Obviously don’t bet an amount that will financially ruin you.

I recently placed a business related bet with myself where $10k is at stake.

That hurts me. I don’t want to lose it but at the same time, it’s not going to destroy my life.

So what are you waiting for?

Put some money on the line and take action.

You’ll be surprised by what you’ll actually be able to do.

And if you need a good workout/diet plan to do, I heard Superhero X12 is pretty damn good.

Just saying 🙂

14 Comments - Leave Your Thoughts

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  1. I like the post, especially the part about the motivating YouTube videos. I’ve found myself motivated after watching them, but I never take action afterwards so it’s pretty pointless. At the end of the day you just have to get up and get it done.

  2. I’m terrified of ending up like my dad on 7 medications and looking skinny, weak and pregnant. The even MORE terrifying thing is that people around my workplace, the vast majority of them are hella huge.

    Apparently, I’m the only one in my karate dojo that can do whole chin ups from dead hang, wearing a Superman under armor shirt. One of the kids calls me “sensei Superman”. He’s my favorite lolz.

    Grow strong or become weak. It’s an unusual law of life. You don’t work out, you’re going to get weak simply because you’re not developing. One of the other students, older, claimed when he was younger he could bench 285 lbs at a body weight of 165. Not any more obviously, now he’s in his 40s and sees me deadlifting 240 and I wonder, what excuses did you come up with to stop?

    Being weak and sick is my gun to my head. And I’m reminded of it every day looking at all the other sick / fat people on multiple meds (some of which aren’t even in their 40s yet) Lovin’ Superhero shredding, I’ve never been as strong as I have before. Great post btw…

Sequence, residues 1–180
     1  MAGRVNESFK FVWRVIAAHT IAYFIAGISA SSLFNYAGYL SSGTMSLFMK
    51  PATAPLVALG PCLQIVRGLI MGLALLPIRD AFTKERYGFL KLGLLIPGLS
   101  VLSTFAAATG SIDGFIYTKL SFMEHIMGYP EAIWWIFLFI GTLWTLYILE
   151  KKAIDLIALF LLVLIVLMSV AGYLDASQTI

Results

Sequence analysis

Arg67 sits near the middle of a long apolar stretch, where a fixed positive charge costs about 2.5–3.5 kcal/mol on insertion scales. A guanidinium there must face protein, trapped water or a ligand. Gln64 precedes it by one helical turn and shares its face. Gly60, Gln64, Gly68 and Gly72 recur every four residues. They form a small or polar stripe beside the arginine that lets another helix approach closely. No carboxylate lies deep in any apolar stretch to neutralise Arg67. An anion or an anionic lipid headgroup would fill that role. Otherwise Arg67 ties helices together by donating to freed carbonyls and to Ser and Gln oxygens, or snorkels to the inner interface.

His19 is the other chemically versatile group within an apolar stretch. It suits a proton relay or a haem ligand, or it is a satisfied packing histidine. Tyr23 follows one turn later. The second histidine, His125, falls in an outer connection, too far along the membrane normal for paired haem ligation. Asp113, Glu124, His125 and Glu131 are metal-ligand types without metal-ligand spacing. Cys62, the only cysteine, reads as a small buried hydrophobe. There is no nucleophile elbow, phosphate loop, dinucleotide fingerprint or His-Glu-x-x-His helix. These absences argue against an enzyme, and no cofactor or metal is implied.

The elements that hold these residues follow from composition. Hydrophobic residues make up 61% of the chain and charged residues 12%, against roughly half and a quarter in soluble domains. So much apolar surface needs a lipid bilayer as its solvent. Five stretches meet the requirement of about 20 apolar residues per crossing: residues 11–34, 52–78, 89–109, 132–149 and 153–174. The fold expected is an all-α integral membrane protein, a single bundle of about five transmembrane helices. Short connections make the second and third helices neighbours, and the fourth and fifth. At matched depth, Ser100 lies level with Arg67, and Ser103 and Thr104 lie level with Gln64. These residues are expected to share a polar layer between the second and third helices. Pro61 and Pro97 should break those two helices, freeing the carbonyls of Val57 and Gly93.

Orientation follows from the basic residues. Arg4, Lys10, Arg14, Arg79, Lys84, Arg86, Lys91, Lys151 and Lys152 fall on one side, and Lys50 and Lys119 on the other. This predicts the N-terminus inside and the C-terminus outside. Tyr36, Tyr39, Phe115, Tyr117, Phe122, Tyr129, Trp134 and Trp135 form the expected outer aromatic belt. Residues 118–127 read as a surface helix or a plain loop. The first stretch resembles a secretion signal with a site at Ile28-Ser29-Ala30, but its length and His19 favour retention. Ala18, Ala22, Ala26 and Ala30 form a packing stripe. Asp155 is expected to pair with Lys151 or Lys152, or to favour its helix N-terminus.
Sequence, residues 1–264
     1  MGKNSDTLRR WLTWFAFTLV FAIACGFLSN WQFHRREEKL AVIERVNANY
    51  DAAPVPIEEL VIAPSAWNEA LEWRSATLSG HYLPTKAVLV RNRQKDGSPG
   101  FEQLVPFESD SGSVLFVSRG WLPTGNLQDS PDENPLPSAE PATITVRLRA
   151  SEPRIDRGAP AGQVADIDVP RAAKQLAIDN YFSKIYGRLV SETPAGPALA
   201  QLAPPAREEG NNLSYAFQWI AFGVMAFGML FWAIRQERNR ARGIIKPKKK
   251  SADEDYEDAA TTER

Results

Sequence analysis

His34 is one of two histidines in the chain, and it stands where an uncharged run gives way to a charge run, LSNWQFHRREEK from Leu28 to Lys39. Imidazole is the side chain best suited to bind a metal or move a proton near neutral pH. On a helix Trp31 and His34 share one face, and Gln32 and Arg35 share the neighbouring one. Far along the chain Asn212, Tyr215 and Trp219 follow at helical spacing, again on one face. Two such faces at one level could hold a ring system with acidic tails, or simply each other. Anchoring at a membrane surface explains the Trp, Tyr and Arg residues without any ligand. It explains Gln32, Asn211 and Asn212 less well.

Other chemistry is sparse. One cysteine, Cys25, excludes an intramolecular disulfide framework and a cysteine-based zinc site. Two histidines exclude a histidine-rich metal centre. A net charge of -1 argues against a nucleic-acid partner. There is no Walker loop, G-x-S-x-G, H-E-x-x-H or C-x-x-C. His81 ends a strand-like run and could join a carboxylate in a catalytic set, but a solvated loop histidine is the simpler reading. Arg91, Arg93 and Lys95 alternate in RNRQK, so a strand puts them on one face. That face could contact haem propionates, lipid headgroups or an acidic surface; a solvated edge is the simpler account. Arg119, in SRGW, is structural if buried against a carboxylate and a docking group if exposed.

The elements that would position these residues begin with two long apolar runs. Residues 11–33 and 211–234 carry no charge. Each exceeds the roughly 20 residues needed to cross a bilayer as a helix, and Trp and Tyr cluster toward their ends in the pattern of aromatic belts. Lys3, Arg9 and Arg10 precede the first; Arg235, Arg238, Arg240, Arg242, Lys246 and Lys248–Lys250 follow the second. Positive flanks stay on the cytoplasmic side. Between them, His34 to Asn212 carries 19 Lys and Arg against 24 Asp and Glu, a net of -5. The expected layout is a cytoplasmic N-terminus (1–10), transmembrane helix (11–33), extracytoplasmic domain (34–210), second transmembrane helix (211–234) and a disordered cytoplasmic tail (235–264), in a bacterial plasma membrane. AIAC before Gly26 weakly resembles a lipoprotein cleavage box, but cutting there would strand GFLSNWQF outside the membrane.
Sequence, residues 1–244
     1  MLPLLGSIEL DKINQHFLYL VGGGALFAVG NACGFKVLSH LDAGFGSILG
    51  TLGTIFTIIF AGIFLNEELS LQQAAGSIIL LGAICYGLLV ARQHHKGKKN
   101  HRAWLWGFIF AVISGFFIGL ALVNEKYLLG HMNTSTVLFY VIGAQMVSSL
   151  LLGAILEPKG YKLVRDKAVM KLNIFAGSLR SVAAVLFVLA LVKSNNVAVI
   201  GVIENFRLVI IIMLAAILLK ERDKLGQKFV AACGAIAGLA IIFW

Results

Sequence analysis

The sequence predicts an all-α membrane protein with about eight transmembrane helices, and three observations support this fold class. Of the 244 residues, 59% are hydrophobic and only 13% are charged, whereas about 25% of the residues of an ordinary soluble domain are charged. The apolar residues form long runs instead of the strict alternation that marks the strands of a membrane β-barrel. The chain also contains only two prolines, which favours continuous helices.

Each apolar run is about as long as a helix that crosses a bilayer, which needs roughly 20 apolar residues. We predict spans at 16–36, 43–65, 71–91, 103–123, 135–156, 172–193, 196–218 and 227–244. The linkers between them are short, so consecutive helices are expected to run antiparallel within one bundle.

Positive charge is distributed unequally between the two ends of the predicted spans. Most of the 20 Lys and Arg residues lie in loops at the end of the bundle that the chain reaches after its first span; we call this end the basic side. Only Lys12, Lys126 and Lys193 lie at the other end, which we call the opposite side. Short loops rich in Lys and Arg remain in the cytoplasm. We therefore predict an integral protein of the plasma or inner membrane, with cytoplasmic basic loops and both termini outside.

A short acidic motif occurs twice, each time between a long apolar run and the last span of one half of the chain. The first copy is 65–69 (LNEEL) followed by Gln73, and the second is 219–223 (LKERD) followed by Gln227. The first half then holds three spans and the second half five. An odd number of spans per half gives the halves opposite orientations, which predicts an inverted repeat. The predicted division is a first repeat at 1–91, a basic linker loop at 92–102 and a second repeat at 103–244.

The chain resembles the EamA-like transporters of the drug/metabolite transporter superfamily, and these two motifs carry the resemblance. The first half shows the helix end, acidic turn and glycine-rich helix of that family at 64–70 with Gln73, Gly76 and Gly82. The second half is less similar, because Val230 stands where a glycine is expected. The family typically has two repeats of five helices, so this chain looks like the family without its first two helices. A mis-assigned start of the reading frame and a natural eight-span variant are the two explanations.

1. You have a very strong WHY for why you want to get/be in shape.

      Most guys just do it to look good and get girls so they never get very far.

      Thanks glad you like SS 🙂

  3. I wanted to lose the gut I’d been building up over about three years of being a stay-at-home dad, aging (I’ll be 43 next month.), and just general laziness. I also wanted to have a body like Stephen Amell, and to be able to do a salmon ladder and at least a couple of muscle-ups. I got a gym membership for $42 a month, but all I ended up doing was doing a couple miles on the treadmill a few times a week, and after about eight months, it wasn’t doing squat.

    My problem, however, wasn’t motivation, but direction. I’d dabbled in lifting weights here and there over the years, but the fact is, I had little idea what I should be doing to make real, noticeable improvements.

    One day, though, I finally got sick of my wife (whose height, weight, and eating habits I will NOT address here) telling me that that $42/month was being wasted, so I googled “stephen amell workout,” and browsing through the results, I came across your site’s “Arrow workout.” That was July 29th of this year.

    Now, I don’t know how much your “Arrow workout” really has in common with Stephen Amell’s own workout practices, but I can say that after five months of soda and candy, cake, donuts, etc. being almost completely eliminated from my diet, nearly four months of following the workout on Tuesdays, Thursdays, and Saturdays, and about two months of doing cardio on my non-lifting days, the fat loss has been slow-going, but the muscle gains have been AMAZING! Muscle gain has outpaced fat loss (so far) to the extent that I’ve actually GAINED ten pounds!

    There was even a period of about four weeks where I had to take it a little easy on leg day (or tried to take it easy, anyway), due to spraining my left ankle while doing the Bulgarian split squats, but even during my recovery, the closest I ever came to skipping a lifting day was a couple of occasions where I had to push a day back by one day. Well, until today, anyway; muscle gains on my legs are so far ahead of my upper-body gains that I’m MAKING myself skip a leg day. (I tried to skip leg day last Thursday, and Friday morning I felt like crap until I finally gave up, went to the gym, and did leg day a day late.)